AIDOL, by Lawrence Lek, an animated film in English and Mandarin, is a respite from the real. A futuristic fable about an aging diva and an AI weather satellite who aspires to become an artist, visually and aurally it is a wonderful reminder of how technology gives pleasure as AIDOL is laced with the kind of high-resolution imagery that only started appearing in games and films less than a decade ago. An installation combining both a film and pieces of mid-twentieth-century modernist art by Christopher Kulendran Thomas, with Annika Kuhlmann, and titled Being Human, is less clear cut. The film is underpinned by the story of Kulendran Thomas’s return to Eelam, Sri Lanka, the home of his activist uncle and the proposed site of an independent state for Tamils. It touches on Western philosophies of humanism, digital ‘deep fake’ pop stars, and the culturally homogenising power of art and money. The actual sculptures and paintings dotted in front of and behind the projection screen reify the latter.
Installation view of Christopher Kulendran Thomas’s Being Human, 2019, in collaboration with Annika Kuhlmann, courtesy of the artists and the De Young Museum
In keeping with its broad reach, the art in ‘Uncanny Valley’ addresses AI’s social applications, documents its history and/or uses visual metaphors to describe its reach. Hito Steyerl’s The City of Broken Windows, an installation about community and municipal policing, might fall into the first category. Trevor Paglen’s They Took the Faces from the Accused and the Dead fills an enormous wall with over a thousand prints set in a grid. Each one was taken from a database of the criminally accused and/or dead that were used in early attempts to develop the technology of facial recognition. Now, of course, our own social media posts fulfil that function. The Zairja Collective’s collages, which look like brilliantly coloured abstractions, use images of mining pits as a metaphor for data pools. In a similar fashion, Pierre Huyghe’s Exomind (Deep Water), a crouched bronze figure with an actual beehive as its head (placed outside, in the De Young’s grounds), becomes a more poetic analogy, suggesting that the processes of artificial intelligence are modelled after nature. At first glance, Agnieszka Kurant’s A.A.I. sculptures made from the activities of termite colonies might seem similar, but the title A.A.I. refers to artificial artificial intelligence, a reference to the use of poorly paid, crowd-sourced, online human work by companies such as Amazon’s MTurk, part of an increasing labour pool that, as-of-yet, requires low level but human implementation.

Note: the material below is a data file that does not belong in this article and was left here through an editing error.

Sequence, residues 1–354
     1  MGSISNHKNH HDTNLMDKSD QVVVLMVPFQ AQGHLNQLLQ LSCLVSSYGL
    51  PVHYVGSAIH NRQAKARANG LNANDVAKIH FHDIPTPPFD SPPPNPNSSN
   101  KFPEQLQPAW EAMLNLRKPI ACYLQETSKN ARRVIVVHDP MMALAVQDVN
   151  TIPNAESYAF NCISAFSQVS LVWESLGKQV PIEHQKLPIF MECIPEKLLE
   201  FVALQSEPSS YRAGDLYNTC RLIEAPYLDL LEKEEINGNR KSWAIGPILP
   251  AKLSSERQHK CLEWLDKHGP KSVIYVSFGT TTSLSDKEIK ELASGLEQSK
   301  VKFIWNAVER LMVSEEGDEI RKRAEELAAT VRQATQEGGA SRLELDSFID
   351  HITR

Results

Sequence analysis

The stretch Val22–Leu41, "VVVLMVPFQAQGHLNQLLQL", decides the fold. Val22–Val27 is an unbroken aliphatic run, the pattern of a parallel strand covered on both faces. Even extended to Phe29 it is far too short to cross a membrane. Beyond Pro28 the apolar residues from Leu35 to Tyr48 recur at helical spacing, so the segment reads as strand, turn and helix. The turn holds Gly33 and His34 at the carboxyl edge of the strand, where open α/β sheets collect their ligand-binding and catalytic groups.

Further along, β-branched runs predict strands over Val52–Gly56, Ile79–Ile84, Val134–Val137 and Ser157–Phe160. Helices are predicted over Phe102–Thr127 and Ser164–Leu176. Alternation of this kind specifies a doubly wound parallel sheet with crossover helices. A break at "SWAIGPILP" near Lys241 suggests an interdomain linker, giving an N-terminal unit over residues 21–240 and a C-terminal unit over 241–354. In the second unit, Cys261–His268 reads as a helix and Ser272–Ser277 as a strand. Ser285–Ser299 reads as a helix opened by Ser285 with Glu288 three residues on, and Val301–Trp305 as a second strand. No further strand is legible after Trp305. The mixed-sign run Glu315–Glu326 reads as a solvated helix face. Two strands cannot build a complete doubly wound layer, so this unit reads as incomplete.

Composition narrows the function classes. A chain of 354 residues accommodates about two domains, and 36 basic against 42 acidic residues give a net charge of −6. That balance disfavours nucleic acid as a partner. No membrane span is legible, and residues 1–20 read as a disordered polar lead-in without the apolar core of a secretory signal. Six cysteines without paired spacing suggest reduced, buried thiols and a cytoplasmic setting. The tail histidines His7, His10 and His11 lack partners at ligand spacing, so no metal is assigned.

Trevor Paglen, They Took the Faces from the Accused and the Dead, 2019, detail, courtesy of the artist
Triple-Chaser by Forensic Architecture was first shown at the 2019 Whitney Biennial. The film was instrumental in exposing Warren B Kanders, then vice chair of the Whitney Museum Board, as the CEO of the Safariland Group, the manufacturer of Triple-Chaser, a tear gas grenade used against civilian protests in countries such as the USA, Israel, Turkey, and others. The film additionally shows how Forensic Architecture applied AI or ‘machine learning’ to make that identification. They uploaded a few images of the canisters, letting AI recreate those same images in the thousands or millions to generate new data sets that could then be used to classify its actual use from photos taken at demonstrations worldwide. That this machine learning correctly discovered Triple-Chaser use might be seen as a social victory, but in this exhibition the group also touches on the potential for abuse in that very same technology.
Lynn Hershman Leeson’s installation gives a more tangible explanation of how that abuse affects us. The first thing one sees upon entering Leeson’s largely darkened space is a computer interface where viewers are encouraged to input their email addresses. I did, and immediately regretted it. Faster than a Google search and without any sorting, multiple lines about my personal life were projected onto the wall. After demonstrating how much of our lives are digitally archived, her accompanying video, Shadowstalker, theatrically describes how these archives are part of the machine learning that is now being applied to predict behaviours by police departments and educational institutions across the US. Schmuckli’s catalogue essay alludes to this when she points out that ‘AI learns from the data traces of people’s engagement with social media platforms, e-commerce sites or search engines’.  But it is worth remembering that AI is no wiser than the humans whose data it uses and is susceptible to reflecting human biases. Later in her catalogue essay, Schmuckli points this out by explaining that ‘actual algorithmic learning is a process based on trial and error, interpolation and extrapolation, information compression and information loss, and is thus fundamentally heuristic’.  Digital predictions, commonly called ‘predictive analytics’ and their potential for gender, ethnic, racial and class bias, is becoming more publicly transparent with Dr Timnit Gebru’s dismissal from Google last December. Gebru, one of the very few African American women in high tech, was originally hired by Google to research ethical artificial intelligence, including language and racial and gender disparities in facial-analysis technologies. Apparently she excelled at it, but when she submitted her report that included ‘a research paper critical of (profitable) large-scale AI systems, Google asked her to leave’.